Well the rest of our campus has already acquired recycling stations, due to Mr. Bailey's persistent hard work. However as a basketball player I use the gym for at least three quarters of the school year as well as most of the summer. I noticed that the gym only had one small bin that always seemed to be overflowing with bottles and cans. I figured if the rest of the school has recycling stations that the gym deserves one too.
A wide range of people will be involved in the design and construction of the bins. Could you briefly describe their roles?
I am working with other students and teachers to figure out the features and design that will be appropriate for the gymnasium. We’ll then hand off our ideas to Mr. Mike Waltz and his Green Engineering Academy , a club on LHS campus. They will decide upon the materials the station will be made out of and all other technical elements. Once the design is final and approved by the school, we will send off the product design to Mr. Porter of the ROP class to build the actual recycling station.
What special features will the bins have?
The bins will be a double compartment station, one compartment for aluminum and one for plastics. The design will have signs and pictures on the front to attract attention and a "pro recycling" message. Each compartment will have locks to prevent other students and citizens from stealing the recyclables which has been a serious problem on LHS campus (however inside a locked gym the problem will be much less severe.) The most important element of the design is that the station will be on wheels. Because of the various events and setting the gym is used for, the station must be easily movable and not damage the new gym floor.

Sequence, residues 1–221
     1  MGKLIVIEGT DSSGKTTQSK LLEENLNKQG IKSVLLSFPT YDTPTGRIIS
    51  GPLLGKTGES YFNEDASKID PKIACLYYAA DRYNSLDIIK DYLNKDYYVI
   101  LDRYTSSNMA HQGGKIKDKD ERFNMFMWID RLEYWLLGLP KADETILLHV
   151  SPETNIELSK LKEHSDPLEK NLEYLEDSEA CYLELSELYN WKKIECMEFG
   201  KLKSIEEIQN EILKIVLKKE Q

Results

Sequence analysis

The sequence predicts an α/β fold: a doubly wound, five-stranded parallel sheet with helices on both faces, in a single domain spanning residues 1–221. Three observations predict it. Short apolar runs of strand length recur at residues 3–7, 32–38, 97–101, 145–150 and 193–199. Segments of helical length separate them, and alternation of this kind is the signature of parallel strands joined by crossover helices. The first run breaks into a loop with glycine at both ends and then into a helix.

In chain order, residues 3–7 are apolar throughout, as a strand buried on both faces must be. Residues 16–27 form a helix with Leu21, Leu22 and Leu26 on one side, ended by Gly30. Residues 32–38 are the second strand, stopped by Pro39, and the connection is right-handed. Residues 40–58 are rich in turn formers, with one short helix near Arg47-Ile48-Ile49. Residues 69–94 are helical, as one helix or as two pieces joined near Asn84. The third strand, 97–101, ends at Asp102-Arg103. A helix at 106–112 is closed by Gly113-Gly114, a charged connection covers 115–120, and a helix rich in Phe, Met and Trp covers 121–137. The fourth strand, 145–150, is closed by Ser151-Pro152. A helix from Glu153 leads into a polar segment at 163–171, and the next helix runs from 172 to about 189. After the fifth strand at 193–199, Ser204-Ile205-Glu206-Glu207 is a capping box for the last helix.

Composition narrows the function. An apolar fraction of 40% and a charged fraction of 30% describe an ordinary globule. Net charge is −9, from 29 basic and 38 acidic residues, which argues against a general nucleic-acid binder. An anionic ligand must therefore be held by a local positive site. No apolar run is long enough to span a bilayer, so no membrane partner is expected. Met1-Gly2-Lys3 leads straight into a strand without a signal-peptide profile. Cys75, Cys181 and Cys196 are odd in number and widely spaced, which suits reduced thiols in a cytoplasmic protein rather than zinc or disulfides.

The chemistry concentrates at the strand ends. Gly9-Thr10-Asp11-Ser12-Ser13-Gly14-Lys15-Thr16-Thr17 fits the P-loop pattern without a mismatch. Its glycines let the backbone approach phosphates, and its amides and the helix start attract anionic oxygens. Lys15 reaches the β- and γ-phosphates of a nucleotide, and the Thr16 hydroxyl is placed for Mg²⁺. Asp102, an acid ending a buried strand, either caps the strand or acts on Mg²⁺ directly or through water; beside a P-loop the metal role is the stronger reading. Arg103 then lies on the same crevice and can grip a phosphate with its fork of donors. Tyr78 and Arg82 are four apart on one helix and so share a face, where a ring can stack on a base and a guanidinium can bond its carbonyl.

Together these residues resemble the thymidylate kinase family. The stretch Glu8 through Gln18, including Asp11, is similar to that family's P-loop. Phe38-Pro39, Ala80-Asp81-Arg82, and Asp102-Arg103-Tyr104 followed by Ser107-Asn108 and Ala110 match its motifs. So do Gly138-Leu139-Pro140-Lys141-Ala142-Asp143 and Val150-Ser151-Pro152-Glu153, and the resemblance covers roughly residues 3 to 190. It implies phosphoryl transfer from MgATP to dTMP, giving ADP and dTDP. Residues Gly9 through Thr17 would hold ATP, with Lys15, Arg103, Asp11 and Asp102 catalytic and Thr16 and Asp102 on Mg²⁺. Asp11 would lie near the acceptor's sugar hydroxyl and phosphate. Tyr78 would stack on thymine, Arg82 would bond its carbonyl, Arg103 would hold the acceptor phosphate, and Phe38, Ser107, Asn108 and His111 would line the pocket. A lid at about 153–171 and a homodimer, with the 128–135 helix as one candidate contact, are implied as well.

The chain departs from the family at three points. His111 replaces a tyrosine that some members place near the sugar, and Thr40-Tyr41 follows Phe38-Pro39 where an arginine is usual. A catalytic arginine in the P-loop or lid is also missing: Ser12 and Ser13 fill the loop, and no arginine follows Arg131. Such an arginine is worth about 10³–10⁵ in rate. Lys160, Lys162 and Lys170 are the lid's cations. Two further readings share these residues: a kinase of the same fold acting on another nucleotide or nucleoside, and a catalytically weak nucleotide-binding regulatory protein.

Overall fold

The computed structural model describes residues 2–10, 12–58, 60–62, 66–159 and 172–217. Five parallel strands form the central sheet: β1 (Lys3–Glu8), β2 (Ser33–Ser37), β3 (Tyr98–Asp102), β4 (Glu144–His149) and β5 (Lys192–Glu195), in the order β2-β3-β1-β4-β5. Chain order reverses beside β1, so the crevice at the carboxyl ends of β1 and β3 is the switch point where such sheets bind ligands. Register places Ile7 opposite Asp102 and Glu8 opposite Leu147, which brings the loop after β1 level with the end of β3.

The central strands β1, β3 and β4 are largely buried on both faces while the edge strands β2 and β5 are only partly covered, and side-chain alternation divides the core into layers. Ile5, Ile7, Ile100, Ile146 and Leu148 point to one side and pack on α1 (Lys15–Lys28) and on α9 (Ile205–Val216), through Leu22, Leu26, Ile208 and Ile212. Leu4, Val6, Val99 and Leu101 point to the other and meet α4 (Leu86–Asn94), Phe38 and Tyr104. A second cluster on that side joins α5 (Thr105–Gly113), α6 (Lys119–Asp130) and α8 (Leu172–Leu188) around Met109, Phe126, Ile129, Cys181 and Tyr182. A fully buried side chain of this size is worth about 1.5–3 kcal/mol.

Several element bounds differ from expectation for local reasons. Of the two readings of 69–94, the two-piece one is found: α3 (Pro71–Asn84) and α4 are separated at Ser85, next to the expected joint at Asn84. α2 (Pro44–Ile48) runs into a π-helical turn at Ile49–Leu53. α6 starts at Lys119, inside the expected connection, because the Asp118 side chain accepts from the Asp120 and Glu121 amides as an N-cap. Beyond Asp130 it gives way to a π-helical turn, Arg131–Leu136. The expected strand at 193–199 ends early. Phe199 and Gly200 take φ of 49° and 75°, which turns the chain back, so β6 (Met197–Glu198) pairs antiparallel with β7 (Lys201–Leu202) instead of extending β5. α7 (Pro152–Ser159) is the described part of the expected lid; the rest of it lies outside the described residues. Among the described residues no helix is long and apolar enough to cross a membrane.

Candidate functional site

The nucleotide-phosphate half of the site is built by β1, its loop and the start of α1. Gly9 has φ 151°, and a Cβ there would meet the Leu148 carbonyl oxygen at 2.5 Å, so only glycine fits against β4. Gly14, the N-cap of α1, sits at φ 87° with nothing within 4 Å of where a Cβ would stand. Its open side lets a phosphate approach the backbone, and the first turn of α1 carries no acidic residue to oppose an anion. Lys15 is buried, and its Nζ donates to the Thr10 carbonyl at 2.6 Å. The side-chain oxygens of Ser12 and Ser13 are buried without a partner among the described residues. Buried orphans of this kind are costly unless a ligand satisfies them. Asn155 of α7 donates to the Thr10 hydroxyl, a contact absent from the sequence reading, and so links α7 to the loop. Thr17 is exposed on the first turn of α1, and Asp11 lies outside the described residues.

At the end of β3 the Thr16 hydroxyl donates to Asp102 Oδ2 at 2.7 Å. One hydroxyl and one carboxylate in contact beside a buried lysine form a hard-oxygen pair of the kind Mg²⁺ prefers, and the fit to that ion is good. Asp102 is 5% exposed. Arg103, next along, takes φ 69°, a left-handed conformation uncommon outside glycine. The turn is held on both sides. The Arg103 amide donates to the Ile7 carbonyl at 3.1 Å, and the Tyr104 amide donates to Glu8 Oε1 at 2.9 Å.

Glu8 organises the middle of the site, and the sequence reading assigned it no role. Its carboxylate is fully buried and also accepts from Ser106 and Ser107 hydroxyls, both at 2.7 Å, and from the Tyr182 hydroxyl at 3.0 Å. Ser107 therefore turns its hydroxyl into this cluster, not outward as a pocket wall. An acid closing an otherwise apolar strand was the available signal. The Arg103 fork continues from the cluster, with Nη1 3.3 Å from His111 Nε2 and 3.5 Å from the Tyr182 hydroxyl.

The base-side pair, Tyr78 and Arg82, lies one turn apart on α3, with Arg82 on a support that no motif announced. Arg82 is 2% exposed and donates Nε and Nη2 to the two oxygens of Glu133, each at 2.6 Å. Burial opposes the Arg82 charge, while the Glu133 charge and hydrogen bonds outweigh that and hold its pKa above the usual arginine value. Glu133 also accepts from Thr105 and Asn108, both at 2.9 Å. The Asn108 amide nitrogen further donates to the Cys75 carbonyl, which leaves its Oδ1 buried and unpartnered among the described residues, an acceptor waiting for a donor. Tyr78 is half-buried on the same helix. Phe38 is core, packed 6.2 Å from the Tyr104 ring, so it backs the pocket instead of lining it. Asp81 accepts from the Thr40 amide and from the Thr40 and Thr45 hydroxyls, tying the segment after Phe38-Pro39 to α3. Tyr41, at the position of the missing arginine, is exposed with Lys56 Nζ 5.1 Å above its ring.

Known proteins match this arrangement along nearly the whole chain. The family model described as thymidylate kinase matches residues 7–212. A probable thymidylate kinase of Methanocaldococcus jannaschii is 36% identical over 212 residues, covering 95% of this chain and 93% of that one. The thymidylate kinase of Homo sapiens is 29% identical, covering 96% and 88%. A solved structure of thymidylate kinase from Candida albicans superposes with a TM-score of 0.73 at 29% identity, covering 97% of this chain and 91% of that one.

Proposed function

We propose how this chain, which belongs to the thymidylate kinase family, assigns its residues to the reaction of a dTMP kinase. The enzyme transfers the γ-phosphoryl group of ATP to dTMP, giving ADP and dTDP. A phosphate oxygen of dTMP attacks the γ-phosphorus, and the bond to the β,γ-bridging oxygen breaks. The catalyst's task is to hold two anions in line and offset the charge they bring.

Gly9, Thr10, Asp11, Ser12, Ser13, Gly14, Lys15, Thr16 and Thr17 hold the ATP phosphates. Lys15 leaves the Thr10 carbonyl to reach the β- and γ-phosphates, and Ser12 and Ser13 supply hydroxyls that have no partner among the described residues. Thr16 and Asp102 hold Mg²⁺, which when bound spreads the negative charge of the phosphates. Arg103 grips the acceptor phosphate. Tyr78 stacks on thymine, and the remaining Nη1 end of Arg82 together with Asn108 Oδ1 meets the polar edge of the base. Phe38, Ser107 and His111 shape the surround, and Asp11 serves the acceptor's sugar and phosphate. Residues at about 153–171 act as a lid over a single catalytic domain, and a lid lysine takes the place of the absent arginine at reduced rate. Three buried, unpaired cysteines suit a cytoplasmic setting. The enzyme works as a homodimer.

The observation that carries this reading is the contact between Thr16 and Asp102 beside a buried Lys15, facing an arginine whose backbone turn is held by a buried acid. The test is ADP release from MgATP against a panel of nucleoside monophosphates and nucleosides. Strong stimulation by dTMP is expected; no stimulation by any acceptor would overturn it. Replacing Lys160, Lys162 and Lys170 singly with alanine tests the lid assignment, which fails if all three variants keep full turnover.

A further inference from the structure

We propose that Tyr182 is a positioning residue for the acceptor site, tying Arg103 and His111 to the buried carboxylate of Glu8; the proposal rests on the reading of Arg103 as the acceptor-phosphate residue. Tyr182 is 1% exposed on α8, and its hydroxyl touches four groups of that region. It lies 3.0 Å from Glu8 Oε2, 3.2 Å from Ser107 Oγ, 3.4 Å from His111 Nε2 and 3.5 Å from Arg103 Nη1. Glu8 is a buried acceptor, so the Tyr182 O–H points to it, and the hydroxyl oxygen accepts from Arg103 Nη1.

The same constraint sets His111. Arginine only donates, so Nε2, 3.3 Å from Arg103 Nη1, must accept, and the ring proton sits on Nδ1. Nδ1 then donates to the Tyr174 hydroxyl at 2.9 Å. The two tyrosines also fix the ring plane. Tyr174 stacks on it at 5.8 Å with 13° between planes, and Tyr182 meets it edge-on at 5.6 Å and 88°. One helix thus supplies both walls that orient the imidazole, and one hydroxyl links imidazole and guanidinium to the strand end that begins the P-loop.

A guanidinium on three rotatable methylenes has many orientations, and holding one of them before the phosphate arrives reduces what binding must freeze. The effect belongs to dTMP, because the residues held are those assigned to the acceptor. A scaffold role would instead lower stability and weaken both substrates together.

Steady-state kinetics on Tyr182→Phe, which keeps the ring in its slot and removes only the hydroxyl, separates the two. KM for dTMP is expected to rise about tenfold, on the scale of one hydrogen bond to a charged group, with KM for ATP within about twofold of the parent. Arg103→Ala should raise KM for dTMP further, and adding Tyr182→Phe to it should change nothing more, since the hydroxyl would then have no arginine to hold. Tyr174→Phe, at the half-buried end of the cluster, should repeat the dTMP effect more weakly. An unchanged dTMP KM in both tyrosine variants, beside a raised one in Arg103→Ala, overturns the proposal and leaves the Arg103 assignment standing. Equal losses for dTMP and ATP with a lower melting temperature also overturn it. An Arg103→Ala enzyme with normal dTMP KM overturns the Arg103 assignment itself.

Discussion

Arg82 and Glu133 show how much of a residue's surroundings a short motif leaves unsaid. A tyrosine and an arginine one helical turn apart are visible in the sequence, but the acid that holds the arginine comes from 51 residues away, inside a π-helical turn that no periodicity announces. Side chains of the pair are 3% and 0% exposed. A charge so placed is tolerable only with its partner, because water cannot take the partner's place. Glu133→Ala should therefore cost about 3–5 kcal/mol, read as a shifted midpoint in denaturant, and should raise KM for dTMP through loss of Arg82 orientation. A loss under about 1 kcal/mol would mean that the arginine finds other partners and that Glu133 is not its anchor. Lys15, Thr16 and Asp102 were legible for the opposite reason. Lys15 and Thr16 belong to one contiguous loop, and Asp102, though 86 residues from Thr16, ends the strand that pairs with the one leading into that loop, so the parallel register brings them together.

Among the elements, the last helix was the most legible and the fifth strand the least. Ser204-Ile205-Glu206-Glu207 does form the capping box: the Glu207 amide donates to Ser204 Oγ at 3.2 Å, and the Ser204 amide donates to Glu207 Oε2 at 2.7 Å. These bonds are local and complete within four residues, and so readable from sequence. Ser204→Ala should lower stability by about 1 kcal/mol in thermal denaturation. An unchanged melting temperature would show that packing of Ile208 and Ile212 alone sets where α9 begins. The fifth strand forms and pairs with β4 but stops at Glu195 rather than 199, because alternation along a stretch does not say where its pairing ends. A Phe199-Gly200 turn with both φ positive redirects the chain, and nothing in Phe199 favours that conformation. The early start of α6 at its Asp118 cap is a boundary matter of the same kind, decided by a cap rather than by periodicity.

Thanks to the generous donations of staff and the public, no rx LHS is able to keep printer cartridges out of our landfill.
Livermore High reuses these cartridges by taking an empty to Cartridge World, buy and returning with a full cartridge. The school also takes these to OfficeMax, where teachers can get credits toward school supplies.
In the current school funding environment, this is an important way to keep costs down, as well as doing the right thing: Re-use.
Livermore High School and Waste Management have partnered in an agreement to help the school redeem CRV materials such as bottles and cans for cash. Students collect the CRV materials on campus and haul them to the recyling dumpster. Students then wheel the dumpster out for pick-up by Waste Management who hauls it to the recyling center on Old First Street, which writes out a check to the school.
Within a week or so a check arrives for the student club that hauled the recycled materials from the recycle stations to the dumpsters. Without students doing the work, none of this would happen. The check is usually between $110 and $180 dollars for the dumpster of plastic or aluminum. LHS recycles around twenty dumpster-loads a year. That is a large amount of material that will not go to the landfill. And, it is a huge quantity that the school's custodians do not have to carry around and deal with.
Livermore High School investigated styles of recycle stations to make it as easy as possible to separate recycle-able plastic and aluminum from material that will end up in the land fill.
In the stadium, athletes are on the move and toss materials into cans from a distance. For this reason, a station was sought with clear instructions and two big openings. The school's bin vendor, Midpoint Recycling Solutions, suggested using a design started by the Maryland football team. This way athletes can toss materials into clearly marked containers and shoot a basket at the same time.